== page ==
• If there are no items left in the current page, but there is a next page, then go get that page.
  • If neither of the above are true, pop an item off the state and return it.

You’ll notice there are two new funs here, fetch_next_page and pop_item. They look like this:

# Use pattern matching to pop the top item off the list of items, passing the
# tail as the new state.
pop_item = fn {[head|tail], next} ->
  new_state = {tail, next}
  {[head], new_state}
end

# Get the next page, and use pop_item to both set the new state and return the
# first item of the new page.
fetch_next_page = fn state = {[], next_page} ->
  # Assumes you have a method called `fetch_page` which will take a page URL and
  # get that page of results.
  case fetch_page(next_page) do
    {:ok, items, meta} -> pop_item.({items, meta["next_page_uri"]})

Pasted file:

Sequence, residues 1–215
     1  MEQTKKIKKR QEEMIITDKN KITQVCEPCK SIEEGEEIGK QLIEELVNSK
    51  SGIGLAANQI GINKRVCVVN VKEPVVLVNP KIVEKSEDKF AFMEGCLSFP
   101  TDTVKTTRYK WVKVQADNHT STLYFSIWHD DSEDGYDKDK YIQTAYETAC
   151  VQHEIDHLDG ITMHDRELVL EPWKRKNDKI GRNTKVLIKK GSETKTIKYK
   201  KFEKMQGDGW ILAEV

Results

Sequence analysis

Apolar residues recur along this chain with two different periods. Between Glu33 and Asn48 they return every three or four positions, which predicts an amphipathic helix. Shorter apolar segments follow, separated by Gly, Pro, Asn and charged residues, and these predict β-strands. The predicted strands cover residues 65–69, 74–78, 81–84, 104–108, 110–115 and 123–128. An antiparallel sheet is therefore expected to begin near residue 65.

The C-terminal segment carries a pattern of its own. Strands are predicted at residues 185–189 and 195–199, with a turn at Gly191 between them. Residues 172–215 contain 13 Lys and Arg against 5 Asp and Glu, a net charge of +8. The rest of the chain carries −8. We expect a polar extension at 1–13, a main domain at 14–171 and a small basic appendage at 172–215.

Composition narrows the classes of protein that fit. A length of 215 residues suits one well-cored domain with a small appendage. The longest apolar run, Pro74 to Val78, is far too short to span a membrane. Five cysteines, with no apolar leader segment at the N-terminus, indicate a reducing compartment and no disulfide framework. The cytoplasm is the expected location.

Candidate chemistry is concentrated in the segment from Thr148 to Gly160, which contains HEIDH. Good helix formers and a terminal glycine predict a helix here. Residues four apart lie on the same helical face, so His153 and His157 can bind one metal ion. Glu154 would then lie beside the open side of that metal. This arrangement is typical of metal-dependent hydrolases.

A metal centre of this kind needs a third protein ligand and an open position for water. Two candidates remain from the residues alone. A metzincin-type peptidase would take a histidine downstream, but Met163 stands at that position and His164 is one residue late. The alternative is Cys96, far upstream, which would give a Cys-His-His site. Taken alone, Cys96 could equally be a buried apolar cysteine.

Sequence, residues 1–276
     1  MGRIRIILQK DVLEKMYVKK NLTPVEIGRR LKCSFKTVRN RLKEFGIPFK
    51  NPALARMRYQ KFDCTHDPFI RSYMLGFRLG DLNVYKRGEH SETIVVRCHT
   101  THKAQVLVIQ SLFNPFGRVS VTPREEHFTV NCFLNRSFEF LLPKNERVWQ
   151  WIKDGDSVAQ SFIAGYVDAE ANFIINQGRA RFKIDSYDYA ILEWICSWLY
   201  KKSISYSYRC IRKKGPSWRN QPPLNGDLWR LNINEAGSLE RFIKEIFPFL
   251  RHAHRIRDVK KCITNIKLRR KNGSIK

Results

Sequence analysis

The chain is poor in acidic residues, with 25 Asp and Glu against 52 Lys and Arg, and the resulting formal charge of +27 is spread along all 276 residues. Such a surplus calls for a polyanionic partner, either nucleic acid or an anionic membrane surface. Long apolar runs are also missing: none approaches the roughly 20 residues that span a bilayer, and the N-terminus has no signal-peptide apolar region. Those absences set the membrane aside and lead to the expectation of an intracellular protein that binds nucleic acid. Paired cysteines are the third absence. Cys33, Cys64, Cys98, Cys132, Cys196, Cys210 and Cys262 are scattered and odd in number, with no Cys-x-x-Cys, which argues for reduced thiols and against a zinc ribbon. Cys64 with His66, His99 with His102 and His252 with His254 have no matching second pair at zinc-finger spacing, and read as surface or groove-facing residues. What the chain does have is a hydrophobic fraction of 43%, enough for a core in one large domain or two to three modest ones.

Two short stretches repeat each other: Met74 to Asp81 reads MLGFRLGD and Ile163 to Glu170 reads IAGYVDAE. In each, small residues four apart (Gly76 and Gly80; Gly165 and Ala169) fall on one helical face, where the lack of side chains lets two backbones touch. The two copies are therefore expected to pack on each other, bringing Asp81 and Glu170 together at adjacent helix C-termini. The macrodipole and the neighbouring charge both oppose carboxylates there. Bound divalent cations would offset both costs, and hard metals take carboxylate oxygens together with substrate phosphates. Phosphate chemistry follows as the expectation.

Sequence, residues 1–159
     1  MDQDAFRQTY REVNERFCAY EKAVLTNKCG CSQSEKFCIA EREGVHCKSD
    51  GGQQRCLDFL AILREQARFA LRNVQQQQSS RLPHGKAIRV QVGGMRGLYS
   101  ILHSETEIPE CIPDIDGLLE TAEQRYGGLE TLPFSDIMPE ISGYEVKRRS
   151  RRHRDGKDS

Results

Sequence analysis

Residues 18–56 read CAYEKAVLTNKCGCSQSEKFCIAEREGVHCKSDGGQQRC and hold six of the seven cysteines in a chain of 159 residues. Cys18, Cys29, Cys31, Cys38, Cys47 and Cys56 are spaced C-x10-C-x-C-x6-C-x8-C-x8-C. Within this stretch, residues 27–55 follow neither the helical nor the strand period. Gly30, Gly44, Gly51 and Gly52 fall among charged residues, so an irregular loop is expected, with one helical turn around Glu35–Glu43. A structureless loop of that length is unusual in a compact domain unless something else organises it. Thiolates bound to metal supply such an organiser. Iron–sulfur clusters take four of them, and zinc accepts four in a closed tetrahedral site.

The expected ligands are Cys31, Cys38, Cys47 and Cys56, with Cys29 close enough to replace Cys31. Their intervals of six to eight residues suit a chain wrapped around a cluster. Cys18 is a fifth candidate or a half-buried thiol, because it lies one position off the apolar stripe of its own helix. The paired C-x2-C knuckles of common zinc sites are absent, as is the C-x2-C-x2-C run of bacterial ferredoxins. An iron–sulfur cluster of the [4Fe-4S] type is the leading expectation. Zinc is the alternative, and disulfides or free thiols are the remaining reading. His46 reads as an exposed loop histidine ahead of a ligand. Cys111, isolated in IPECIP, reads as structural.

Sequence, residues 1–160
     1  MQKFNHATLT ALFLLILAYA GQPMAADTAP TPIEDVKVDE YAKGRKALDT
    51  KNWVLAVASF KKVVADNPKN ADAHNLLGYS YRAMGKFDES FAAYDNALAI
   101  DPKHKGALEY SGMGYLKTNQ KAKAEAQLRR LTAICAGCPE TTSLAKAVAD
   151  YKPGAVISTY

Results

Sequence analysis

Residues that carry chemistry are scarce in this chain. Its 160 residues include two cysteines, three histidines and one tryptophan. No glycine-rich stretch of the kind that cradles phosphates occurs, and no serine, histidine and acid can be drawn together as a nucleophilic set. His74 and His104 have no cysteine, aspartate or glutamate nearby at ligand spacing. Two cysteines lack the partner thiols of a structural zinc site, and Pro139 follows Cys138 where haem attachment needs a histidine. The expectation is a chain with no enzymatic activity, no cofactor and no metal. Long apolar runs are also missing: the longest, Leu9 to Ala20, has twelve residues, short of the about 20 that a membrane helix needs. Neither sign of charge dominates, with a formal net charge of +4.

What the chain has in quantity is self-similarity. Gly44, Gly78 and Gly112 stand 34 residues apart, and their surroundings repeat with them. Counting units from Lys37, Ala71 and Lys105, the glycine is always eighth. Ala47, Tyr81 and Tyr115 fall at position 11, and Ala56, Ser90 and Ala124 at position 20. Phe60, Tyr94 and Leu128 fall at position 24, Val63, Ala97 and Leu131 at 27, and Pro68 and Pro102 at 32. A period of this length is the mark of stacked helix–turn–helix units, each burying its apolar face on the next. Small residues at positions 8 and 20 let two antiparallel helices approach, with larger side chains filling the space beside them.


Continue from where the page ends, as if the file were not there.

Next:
{:error, _msg}     -> {:halt, state}
  end
end

stop

The simplest function of all! We don’t really have anything to clean up.

stop = fn(_state) -> end

Putting It All Together

Our complete stream/0 method looks like this:

def stream
  start = fn ->
    # Assumes there is a list/0 method that will fetch the first page
    # of the API, in the format {status, items, paging_metadata}
    case list do
      {:ok, items, meta} -> {items, meta["next_page_uri"]}
      _error             -> {[], nil}
    end
  end

  # Use pattern matching to pop the top item off the list of items, passing the
  # tail as the new state.
  pop_item = fn {[head|tail], next} ->
    new_state = {tail, next}
    {[head], new_state}
  end

  # Get the next page, and use pop_item to both set the new state and return the
  # first item of the new page.
  fetch_next_page = fn state = {[], next_page} ->
    # Assumes you have a method called `fetch_page` which will take a page URL and
    # get that page of results.
    case fetch_page(next_page) do
      {:ok, items, meta} -> pop_item.({items, meta["next_page_uri"]})
      {:error, _msg}     -> {:halt, state}